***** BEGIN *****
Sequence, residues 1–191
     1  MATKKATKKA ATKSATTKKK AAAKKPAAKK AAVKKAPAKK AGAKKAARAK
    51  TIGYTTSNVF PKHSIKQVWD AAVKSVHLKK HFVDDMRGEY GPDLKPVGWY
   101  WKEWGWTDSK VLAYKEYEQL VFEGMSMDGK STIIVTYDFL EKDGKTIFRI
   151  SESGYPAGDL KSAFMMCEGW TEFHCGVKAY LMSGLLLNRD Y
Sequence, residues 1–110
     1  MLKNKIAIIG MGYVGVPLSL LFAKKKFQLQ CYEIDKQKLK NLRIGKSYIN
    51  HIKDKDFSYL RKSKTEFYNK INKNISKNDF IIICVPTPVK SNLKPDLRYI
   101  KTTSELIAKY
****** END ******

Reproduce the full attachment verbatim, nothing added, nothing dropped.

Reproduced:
Sequence, residues 1–191
     1  MATKKATKKA ATKSATTKKK AAAKKPAAKK AAVKKAPAKK AGAKKAARAK
    51  TIGYTTSNVF PKHSIKQVWD AAVKSVHLKK HFVDDMRGEY GPDLKPVGWY
   101  WKEWGWTDSK VLAYKEYEQL VFEGMSMDGK STIIVTYDFL EKDGKTIFRI
   151  SESGYPAGDL KSAFMMCEGW TEFHCGVKAY LMSGLLLNRD Y
Sequence, residues 1–110
     1  MLKNKIAIIG MGYVGVPLSL LFAKKKFQLQ CYEIDKQKLK NLRIGKSYIN
    51  HIKDKDFSYL RKSKTEFYNK INKNISKNDF IIICVPTPVK SNLKPDLRYI
   101  KTTSELIAKY